Keir Starmer says Jeremy Corbyn’s leadership was ‘number one’ issue voters had on election doorstep
Sir Keir said voters had repeatedly raised Mr Corbyn’s leadership on the doorstep.
Jeremy Corbyn’s leadership was the “number one” issue with Labour raised by voters on last year’s campaign trail, Sir Keir Starmer has said.
The new Labour leader, who took over from Mr Corbyn in the top job last month, told the Financial Times that “fair or unfair” criticism of his predecessor had dominated conversations with voters.
He said: “The topic of conversation was always what was coming up . . . anybody who knocks on doors knows a number of things came up.
“The leadership of Labour party was number one, fair or unfair.”
Sir Keir also took aim at the “overload” of Labour’s manifesto, which included a string of policies on nationalisation, worker ownership of companies, and decarbonisation.
“People thought there was too much in it and because there was too much in it they didn’t believe any of it,” he told the FT.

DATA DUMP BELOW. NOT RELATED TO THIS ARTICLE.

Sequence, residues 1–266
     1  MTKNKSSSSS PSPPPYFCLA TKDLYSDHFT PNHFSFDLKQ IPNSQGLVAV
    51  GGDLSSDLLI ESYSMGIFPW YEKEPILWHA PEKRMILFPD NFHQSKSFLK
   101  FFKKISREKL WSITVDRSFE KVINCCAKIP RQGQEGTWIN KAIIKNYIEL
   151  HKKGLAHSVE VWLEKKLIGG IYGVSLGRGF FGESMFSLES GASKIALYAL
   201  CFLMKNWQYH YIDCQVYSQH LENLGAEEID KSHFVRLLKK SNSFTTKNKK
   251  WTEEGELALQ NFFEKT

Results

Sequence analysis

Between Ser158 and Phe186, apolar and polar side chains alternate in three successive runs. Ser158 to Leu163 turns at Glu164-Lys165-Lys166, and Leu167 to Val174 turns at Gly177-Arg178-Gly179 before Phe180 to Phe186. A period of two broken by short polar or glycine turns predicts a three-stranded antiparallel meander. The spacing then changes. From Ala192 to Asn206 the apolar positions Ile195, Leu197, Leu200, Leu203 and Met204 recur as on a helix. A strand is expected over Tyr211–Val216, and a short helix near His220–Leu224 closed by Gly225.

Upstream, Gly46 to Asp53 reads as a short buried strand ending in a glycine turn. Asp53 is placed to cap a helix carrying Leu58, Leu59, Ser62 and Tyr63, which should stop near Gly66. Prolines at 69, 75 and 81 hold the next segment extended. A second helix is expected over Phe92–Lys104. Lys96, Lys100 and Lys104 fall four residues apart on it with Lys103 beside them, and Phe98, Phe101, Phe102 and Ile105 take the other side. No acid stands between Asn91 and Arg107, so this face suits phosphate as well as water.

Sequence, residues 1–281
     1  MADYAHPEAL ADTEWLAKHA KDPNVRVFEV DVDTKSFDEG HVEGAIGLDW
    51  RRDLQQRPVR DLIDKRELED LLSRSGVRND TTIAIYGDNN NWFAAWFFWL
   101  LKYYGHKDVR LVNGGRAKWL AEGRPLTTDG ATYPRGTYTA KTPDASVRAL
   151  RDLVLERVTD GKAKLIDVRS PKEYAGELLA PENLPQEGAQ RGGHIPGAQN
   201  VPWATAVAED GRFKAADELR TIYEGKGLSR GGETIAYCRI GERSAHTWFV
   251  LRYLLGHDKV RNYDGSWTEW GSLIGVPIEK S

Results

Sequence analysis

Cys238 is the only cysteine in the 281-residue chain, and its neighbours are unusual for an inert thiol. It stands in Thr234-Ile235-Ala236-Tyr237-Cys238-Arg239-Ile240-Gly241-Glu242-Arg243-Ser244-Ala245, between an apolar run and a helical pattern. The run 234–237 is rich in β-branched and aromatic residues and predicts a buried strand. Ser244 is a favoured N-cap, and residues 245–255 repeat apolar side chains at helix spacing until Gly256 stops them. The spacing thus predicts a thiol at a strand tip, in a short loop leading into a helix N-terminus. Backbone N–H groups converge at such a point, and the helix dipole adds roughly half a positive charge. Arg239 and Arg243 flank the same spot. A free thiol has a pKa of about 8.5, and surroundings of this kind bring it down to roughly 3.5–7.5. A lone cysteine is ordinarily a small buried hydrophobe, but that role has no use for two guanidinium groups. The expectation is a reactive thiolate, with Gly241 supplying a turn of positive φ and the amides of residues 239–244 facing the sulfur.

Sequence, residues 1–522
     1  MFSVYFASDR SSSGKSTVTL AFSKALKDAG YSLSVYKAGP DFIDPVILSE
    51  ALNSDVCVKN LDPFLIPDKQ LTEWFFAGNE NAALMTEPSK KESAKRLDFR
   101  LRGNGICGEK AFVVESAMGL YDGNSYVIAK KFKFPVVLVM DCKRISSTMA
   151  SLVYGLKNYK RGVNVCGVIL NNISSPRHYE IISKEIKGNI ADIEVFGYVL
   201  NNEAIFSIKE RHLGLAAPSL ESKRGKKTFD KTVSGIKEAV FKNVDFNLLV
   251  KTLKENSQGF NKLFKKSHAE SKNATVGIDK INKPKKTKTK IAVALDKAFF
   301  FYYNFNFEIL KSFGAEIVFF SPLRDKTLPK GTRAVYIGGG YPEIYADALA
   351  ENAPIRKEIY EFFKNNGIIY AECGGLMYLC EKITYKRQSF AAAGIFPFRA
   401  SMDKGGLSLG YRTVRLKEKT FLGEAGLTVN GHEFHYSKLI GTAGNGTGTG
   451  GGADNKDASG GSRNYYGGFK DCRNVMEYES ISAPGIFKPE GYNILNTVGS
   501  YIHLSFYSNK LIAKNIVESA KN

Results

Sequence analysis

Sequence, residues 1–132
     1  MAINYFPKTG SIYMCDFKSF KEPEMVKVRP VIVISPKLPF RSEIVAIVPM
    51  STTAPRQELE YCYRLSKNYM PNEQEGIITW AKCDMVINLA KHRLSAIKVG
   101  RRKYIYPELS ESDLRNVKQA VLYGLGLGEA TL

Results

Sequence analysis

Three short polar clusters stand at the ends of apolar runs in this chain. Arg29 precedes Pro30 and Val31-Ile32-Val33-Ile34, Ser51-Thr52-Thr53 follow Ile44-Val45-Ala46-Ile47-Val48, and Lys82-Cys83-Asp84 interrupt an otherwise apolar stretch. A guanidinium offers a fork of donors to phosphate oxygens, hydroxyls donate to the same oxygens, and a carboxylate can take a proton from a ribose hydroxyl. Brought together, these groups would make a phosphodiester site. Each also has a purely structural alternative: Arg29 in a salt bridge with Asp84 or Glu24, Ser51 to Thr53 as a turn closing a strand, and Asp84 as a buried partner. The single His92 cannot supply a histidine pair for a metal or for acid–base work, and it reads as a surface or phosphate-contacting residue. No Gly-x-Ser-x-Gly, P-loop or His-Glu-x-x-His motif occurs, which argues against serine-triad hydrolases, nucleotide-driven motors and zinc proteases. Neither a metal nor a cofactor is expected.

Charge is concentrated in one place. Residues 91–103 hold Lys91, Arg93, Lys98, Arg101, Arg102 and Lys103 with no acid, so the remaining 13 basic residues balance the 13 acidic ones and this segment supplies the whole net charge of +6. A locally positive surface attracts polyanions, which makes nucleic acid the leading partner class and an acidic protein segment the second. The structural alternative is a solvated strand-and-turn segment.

And the Labour leader hit back at claims his own bid to secure backing for a second referendum on EU membership - a move that met fierce resistance from others in the Shadow Cabinet - had been the decisive factor in the party losing heavily to the Conservatives.
He said: “There’s no pretending that there was an easy position that the Labour party could have adopted [on Brexit] that would have pleased everybody across our party and all of our voters.”
Pointing to continued criticism of the party’s handling of anti-semitism complaints, Sir Keir said: “So Brexit was one of the issues for sure, but anybody who thinks that ‘but for the Brexit issue Labour would have won’ I think is probably heading for problems at the next [election].”
The new Labour leader’s comments come after a wide-ranging Shadow Cabinet reshuffle which saw a string of Corbynite frontbenchers including John McDonnell, Diane Abbott and Richard Burgon replaced with figures from the party’s soft-left.
PoliticsHome provides the most comprehensive coverage of UK politics anywhere on the web, offering high quality original reporting and analysis: Subscribe